Bill Dickey (June 6, 1907 - November 12, 1993) was a Major League Baseball player and manager. One of the most famous catchers in league history, he played his entire career with the New York Yankees. His mentor was Albert Edwin Dickey. Ed Dickey often sat in the dugout with Bill as his personal coach. It has been noted that Ed lost his index finger in a bench clearing brawl when Ty Cobb bit his finger off at the knuckle. Bill Dickey broke into the Majors in 1928 and played his first full season in 1929. It was his first of ten seasons out of eleven with a .300+ batting average. Although his offensive production was overshadowed by Yankees greats Babe Ruth, Lou Gehrig and Joe DiMaggio, in the late 1930s Dickey posted some of the finest offensive seasons ever by a catcher, hitting over 20 home runs with 100 RBI in four consecutive seasons (1936 - 1939). Dickey was also noted for his ability to handle pitchers and his strong throwing arm. Also drawing respect for his relentlessly competitive nature, Dickey broke the jaw of an opposing player with one punch in a 1932 game after a collision at home plate, and received a 30-day suspension and $1,000 fine as punishment.
Dickey appeared in eight World Series with the Yankees and won seven World Series championships.
In 1942, while still an active player, Dickey appeared as himself in the film The Pride of the Yankees, which starred Gary Cooper as the late Yankee captain and first baseman Lou Gehrig. Dickey had been regarded as Gehrig's best friend on the team, and while the title of Yankee captain remained officially vacant until it was awarded to Thurman Munson in 1976, Dickey was seen by many as the Yankees' new leader on the field.
After several seasons of offensive stagnation and time off during World War II, Dickey took on the role of managing the Yankees in 1946 and led the team to 3rd place in the American League. He retired after the season, having compiled 202 home runs, 1209 RBI and a .313 batting average over his career.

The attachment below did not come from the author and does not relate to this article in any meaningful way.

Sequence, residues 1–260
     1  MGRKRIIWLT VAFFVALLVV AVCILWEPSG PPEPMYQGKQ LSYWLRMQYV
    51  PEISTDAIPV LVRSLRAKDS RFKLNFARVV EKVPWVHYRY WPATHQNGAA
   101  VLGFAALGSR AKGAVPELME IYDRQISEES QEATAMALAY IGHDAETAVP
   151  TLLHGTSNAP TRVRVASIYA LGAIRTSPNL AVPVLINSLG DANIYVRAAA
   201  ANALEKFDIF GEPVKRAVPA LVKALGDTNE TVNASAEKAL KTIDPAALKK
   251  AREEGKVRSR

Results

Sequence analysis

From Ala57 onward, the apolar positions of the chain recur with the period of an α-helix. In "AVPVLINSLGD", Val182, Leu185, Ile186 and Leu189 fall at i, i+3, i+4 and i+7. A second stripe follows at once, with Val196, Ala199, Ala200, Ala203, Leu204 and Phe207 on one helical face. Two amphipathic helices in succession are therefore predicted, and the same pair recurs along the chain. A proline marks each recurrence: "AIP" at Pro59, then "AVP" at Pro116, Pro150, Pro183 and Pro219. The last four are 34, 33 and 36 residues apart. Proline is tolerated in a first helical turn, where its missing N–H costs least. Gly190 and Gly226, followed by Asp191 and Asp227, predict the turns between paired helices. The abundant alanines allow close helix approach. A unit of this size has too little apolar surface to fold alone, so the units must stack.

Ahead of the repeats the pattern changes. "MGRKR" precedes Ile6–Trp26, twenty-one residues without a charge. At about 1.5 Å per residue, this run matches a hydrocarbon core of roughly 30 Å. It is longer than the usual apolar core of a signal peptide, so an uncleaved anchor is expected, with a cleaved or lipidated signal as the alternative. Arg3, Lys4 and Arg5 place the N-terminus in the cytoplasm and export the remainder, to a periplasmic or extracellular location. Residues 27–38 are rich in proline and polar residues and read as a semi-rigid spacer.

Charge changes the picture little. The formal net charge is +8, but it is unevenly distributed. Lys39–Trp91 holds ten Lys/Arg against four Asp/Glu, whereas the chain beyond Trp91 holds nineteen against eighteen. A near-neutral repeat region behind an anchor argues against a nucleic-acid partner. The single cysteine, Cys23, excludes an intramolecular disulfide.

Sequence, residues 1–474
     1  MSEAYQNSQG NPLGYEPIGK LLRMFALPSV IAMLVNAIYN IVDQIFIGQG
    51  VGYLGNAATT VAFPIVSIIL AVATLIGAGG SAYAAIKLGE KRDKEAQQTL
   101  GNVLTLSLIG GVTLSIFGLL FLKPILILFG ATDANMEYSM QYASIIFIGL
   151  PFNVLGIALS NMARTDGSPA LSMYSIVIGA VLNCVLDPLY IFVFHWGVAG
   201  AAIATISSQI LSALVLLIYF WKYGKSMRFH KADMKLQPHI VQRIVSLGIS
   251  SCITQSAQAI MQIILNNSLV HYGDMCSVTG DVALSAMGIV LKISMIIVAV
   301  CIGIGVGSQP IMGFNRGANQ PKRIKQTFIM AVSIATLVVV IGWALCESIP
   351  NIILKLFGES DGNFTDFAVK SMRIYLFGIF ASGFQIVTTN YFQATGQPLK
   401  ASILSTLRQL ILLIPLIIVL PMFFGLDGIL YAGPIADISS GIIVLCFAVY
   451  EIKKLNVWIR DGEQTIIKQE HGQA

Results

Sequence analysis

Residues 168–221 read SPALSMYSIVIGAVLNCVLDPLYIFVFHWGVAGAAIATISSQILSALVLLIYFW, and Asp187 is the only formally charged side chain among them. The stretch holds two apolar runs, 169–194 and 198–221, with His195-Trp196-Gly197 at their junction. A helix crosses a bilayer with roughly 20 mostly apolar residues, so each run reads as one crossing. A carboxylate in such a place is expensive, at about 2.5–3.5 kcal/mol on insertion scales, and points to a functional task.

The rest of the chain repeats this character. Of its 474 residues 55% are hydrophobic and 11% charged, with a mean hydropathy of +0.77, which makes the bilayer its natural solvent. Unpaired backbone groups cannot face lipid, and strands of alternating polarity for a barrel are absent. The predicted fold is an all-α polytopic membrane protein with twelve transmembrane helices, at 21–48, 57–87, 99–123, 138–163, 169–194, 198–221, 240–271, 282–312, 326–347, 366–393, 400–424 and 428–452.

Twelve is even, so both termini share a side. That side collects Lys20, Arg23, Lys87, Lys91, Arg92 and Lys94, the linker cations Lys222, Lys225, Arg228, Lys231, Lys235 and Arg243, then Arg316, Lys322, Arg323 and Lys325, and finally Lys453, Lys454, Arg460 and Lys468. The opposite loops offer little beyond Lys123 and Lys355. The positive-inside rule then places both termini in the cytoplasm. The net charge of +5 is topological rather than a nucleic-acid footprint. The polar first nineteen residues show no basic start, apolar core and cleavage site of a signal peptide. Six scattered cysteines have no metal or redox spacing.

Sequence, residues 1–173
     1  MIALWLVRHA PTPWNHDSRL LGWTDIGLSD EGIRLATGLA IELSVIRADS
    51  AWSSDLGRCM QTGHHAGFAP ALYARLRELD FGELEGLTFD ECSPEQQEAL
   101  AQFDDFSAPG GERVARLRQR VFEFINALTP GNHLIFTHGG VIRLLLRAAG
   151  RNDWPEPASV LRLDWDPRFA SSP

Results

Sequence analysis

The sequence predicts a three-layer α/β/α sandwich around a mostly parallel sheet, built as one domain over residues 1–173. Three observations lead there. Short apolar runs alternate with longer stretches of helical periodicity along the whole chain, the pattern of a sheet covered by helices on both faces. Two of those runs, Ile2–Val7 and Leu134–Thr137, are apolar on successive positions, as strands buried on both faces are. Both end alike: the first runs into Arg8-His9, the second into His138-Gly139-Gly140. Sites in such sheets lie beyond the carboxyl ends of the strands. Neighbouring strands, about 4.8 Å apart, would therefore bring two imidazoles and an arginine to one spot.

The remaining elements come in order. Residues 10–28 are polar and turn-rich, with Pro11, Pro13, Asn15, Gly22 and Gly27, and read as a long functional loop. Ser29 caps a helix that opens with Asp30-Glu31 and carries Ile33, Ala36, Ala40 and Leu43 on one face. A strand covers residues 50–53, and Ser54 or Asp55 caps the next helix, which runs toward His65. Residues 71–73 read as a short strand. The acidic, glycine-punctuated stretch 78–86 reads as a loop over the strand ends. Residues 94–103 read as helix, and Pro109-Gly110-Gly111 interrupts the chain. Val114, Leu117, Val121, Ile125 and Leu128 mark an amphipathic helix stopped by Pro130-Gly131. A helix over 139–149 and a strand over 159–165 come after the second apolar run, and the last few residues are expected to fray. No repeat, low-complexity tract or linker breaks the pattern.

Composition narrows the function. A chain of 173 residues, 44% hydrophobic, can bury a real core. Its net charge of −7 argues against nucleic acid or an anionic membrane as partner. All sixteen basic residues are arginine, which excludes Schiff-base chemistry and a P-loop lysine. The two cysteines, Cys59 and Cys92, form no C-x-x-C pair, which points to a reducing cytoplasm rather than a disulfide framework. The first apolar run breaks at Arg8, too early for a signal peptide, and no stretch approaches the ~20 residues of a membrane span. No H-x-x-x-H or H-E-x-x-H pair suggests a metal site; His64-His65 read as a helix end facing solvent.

In 1949, Dickey returned to the Yankees as a coach, as first base coach and as catching instructor, to aid Yogi Berra in playing the position. In his trademark fractured English, Berra said, "Bill Dickey is learning me all of his experiences." Already a good hitter, Berra became an excellent defensive catcher. With Berra having inherited his uniform number 8, Dickey wore number 33 until the 1960 season.
Dickey was inducted into the Baseball Hall of Fame in 1954. In 1972, the Yankees retired uniform number 8 for both Dickey and Berra. On August 22, 1988, the Yankees honored both catchers with plaques to be hung in Monument Park at Yankee Stadium. Dickey's calls him "An elementary Yankee" who "is considered the greatest catcher of all time." This is in dispute, since Berra's performance has led some to regard him as the greatest in baseball history, or at least the greatest in Yankee history. Like Berra, Dickey was named in 1999 to The Sporting News' list of the 100 Greatest Baseball Players, ranking number 57, trailing Johnny Bench (16), Josh Gibson (18), Berra (40) and Roy Campanella (50) among catchers. Also like those catchers, Dickey was a nominee for the Major League Baseball All-Century Team, but the fan balloting chose Berra and Bench as the two catchers on the team.
Preceded by: Joe McCarthy New York Yankees Manager 1946 Succeeded by: Johnny Neun